The initiation of violence is the very the essence of government. No one disputes this fact. It is practically the definition of the modern state.
“What essentially sets a nation-state apart,” declared candidate Barack Obama, is that it has a “monopoly on violence.”
Since the state is known for its use of violence to enforce its decrees, Catholics need to go to the Catechism of the Catholic Church (CCC), paragraph 1930, to understand why governments use violence to compel obedience:
1930. Respect for the human person entails respect for the rights that flow from his dignity as a creature. These rights are prior to society and must be recognized by it. They are the basis of the moral legitimacy of every authority: by flouting them, or refusing to recognize them in its positive legislation, a society undermines its own moral legitimacy. If it does not respect them, authority can rely only on force or violence to obtain obedience from its subjects. . . .
What are these human rights? The right to private property. CCC 2304. A worker’s right to spend his earnings however he chooses. Rerum Novarum 5. The principle purpose of the state is to protect these rights and the right to personal and collective security; that is, to promote the common good. CCC 1925.
The government that “flouts” the rights of people–an unjust government–can only obtain obedience to its laws by the use of violence.
Saint Thomas Aquinas explained that an unjust law is no law at all:
“As Augustine says (De Lib. Arb. i, 5) “that which is not just seems to be no law at all”: wherefore the force of a law depends on the extent of its justice. Now in human affairs a thing is said to be just, from being right, according to the rule of reason. But the first rule of reason is the law of nature, as is clear from what has been stated above (91, 2, ad 2). Consequently every human law has just so much of the nature of law, as it is derived from the law of nature. But if in any point it deflects from the law of nature, it is no longer a law but a perversion of law.” Summa Theologica, I-II, Q. 95, Art. 2.
Since natural law is recognizable to most men, many succeed in conforming their conduct to much of it without the need for punishment. One way of measuring the “justness” of a law is to ask whether most people readily obey a law even without the fear of punishment. By this measure, laws against murder, theft and assault are just laws.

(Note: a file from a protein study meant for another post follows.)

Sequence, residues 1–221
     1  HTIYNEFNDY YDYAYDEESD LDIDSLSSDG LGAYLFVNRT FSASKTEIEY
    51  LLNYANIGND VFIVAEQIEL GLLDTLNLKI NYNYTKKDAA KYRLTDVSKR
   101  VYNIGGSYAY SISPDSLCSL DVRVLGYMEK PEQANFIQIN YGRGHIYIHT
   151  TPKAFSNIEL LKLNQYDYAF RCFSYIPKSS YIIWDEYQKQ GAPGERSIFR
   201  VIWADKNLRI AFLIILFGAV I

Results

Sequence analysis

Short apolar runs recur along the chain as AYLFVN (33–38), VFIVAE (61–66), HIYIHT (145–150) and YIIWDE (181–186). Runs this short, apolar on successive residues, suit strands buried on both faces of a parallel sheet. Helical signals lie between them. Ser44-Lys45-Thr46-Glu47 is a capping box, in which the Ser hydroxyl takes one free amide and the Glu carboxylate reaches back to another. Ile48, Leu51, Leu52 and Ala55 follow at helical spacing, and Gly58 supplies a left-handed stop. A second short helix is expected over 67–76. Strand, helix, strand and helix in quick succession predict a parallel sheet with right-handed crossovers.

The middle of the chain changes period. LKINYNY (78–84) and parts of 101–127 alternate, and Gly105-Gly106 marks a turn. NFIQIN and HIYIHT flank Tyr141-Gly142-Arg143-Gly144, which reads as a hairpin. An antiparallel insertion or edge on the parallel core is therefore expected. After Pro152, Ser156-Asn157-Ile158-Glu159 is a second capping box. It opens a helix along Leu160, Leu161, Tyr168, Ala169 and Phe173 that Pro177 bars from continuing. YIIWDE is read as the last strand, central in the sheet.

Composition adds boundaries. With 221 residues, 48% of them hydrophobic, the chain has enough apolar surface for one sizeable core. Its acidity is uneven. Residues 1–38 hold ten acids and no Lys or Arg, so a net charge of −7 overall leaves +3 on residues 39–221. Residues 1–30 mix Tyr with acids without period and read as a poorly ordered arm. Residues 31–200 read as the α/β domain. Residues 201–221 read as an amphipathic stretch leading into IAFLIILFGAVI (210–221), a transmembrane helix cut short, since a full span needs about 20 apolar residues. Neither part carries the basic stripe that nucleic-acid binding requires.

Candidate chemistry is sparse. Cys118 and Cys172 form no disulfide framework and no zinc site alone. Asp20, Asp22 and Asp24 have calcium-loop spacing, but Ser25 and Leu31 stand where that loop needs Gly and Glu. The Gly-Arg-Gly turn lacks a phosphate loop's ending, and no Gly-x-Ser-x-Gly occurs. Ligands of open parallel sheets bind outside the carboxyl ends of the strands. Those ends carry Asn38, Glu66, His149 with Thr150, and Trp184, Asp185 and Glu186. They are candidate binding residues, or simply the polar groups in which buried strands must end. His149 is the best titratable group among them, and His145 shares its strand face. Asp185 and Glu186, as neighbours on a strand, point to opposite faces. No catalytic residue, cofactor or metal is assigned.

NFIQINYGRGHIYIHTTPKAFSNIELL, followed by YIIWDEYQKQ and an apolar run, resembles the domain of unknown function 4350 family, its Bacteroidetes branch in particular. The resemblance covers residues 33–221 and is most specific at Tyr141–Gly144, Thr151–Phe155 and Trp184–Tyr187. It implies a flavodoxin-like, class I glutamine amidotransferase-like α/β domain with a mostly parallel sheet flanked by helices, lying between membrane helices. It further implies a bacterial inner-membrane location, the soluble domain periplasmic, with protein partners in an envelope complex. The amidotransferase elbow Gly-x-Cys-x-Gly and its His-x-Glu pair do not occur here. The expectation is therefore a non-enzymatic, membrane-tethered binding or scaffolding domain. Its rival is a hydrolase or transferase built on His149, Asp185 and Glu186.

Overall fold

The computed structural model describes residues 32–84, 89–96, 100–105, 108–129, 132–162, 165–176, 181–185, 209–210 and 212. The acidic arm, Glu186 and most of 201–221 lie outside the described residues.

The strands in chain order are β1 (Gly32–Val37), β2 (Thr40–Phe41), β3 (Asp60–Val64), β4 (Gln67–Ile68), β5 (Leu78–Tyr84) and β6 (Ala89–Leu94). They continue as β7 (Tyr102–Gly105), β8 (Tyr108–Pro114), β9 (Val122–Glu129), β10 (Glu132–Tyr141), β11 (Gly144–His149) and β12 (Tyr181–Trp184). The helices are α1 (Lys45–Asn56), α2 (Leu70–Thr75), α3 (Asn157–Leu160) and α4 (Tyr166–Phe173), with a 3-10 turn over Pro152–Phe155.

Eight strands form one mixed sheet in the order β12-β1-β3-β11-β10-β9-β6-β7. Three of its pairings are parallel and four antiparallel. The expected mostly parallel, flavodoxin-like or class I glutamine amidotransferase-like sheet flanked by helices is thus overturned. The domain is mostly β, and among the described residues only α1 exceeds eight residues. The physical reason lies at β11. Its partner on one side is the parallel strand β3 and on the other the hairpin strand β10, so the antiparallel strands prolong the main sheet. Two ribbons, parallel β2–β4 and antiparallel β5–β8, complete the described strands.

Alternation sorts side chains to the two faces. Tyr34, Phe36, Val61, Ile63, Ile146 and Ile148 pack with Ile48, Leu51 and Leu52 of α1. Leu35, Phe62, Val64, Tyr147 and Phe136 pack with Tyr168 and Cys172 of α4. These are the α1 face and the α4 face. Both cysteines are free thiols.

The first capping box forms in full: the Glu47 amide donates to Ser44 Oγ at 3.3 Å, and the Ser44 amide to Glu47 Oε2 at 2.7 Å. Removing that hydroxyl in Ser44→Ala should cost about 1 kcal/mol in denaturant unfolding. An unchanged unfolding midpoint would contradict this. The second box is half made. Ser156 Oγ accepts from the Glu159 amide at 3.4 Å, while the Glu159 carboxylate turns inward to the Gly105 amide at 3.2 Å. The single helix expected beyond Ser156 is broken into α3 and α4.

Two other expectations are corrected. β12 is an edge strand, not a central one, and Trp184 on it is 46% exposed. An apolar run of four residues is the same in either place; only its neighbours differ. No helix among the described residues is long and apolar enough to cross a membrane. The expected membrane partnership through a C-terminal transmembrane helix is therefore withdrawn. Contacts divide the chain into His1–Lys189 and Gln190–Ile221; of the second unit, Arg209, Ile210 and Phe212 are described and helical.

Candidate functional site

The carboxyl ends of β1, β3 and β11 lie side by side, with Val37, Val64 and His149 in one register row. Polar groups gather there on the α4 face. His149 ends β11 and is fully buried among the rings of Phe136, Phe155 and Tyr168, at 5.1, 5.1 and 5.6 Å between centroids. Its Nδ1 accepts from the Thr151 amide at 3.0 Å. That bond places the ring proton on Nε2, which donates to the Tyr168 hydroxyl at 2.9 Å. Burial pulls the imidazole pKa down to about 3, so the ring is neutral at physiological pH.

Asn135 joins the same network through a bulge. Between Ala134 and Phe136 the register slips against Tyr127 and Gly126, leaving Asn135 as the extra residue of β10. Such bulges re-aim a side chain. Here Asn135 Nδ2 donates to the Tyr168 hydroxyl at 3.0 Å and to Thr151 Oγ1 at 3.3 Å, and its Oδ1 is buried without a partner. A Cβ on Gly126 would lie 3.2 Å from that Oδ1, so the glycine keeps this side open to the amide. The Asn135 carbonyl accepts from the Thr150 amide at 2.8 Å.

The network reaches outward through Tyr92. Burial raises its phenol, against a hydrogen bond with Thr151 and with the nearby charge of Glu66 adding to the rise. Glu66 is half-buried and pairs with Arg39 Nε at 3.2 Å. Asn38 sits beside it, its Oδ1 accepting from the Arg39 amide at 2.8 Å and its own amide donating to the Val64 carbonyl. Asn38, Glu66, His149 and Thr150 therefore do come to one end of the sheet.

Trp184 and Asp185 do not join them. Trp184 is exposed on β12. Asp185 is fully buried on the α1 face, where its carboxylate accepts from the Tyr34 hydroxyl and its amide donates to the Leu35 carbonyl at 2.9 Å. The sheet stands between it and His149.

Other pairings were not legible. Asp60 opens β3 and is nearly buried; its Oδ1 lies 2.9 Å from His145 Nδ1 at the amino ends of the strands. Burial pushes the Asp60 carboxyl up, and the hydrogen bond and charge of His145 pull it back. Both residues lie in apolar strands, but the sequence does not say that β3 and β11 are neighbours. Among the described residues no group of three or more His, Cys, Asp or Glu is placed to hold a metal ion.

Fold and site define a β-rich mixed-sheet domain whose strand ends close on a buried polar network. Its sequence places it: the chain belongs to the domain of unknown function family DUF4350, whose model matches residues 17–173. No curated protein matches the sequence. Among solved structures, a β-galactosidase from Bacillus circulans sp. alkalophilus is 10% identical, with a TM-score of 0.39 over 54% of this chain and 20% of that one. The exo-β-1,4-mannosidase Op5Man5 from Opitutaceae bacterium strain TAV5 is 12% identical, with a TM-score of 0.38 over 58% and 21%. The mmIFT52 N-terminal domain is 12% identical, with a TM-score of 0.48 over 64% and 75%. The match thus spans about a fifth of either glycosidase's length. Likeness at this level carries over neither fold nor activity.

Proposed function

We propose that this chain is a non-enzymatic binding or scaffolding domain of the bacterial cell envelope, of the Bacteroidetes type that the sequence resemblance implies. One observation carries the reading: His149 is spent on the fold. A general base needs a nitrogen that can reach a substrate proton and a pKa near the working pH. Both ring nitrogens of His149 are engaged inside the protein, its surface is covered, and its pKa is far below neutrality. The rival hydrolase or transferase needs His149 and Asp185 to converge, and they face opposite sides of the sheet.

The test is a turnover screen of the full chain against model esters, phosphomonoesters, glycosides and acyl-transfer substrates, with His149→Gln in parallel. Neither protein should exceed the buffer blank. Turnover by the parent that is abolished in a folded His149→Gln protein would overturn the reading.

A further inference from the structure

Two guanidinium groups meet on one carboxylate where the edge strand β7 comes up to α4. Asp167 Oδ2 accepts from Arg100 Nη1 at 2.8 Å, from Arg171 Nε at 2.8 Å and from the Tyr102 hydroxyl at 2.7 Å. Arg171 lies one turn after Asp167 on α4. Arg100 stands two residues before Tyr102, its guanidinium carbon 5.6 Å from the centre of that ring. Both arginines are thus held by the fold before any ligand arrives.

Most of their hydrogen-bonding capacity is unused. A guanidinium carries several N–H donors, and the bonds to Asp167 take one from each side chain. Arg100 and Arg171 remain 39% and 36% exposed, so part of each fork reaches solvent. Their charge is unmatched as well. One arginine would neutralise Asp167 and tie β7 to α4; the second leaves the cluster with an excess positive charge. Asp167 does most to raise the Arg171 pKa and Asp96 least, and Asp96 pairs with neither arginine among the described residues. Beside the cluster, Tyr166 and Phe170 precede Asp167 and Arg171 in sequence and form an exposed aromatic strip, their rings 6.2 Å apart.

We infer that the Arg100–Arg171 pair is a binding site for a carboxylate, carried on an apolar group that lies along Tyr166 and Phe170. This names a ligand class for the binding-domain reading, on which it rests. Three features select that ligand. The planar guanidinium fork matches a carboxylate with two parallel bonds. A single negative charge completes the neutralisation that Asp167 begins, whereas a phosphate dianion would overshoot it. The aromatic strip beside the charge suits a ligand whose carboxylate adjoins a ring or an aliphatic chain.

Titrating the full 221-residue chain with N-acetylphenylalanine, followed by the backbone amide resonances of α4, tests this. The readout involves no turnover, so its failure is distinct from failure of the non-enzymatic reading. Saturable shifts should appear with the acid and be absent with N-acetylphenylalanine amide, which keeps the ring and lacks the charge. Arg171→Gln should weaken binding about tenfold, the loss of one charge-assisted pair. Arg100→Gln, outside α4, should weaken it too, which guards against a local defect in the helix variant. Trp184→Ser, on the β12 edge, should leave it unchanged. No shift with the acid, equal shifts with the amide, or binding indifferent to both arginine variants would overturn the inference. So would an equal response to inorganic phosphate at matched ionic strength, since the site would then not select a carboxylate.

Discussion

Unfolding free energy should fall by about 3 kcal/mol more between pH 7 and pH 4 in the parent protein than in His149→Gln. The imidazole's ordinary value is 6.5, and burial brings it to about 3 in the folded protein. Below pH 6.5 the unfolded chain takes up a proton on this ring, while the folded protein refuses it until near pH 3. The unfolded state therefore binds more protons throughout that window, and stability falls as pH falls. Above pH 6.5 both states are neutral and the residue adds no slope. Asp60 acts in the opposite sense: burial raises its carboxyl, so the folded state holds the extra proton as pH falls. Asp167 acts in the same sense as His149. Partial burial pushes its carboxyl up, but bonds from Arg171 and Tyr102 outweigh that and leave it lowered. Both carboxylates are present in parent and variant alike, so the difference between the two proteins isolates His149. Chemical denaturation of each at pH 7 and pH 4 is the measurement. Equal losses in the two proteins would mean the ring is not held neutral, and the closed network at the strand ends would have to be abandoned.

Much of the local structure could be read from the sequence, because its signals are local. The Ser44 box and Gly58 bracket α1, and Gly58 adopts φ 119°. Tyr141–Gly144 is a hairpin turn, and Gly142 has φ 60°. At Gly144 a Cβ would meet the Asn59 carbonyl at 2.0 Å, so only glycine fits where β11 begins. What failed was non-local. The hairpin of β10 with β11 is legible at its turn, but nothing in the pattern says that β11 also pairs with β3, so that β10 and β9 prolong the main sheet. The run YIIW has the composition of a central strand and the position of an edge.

Contrast these laws–which are widely respected–with laws designed to control people who are not harming anyone (except perhaps themselves). These people may be unlicensed barbers, brewers, midwives or street vendors. Or they are guilty of questionable conduct: gamblers, smokers, drug users & sellers, drunks and adulterers. Most of these people would not kill you even if they could get away with it, but they freely commit these and other offenses, none of which harm anyone but themselves.
Some of these actions are widely considered to be immoral vices, while other conduct is prohibited for various political/regulatory reasons. People are more likely to commit such offenses when the law appears arbitrary, meddlesome and paternalistic; especially if the likelihood of being caught is low.
The one law that no one obeys voluntarily
There is one demand of government that almost no one (however virtuous they may be) would obey except under the threat of violence. That demand is the payment of taxes.
Imagine that the United States of America sends me an annual tax bill. It’s not really a bill. It’s just a notice telling me that my family’s share of the national budget is $7,325.00. The payment is purely voluntary, but I really ought to “do my part” and send in the money. Other than the social ostracism my failure might engender, there is no penalty for non-compliance.
Would anyone pay this bill? Perhaps we would, if: 1) we heartily approve of everything the government does; and 2) we think the government is so efficient that we are not motivated to look to competing services. Realistically, this is not going to happen. Those few people who claim they would pay such a “bill,” still want a proviso that everybody else would pay too. Of course, without the threat of violence, that is not going to happen either.
The benchmark of an unjust law is the degree to which the lawgiver must threaten or use violence to enforce obedience. A law which few will obey without the threat of force is–by this measure–an unjust law. Compulsory taxation is, therefore, unjust.
For more on violence and government: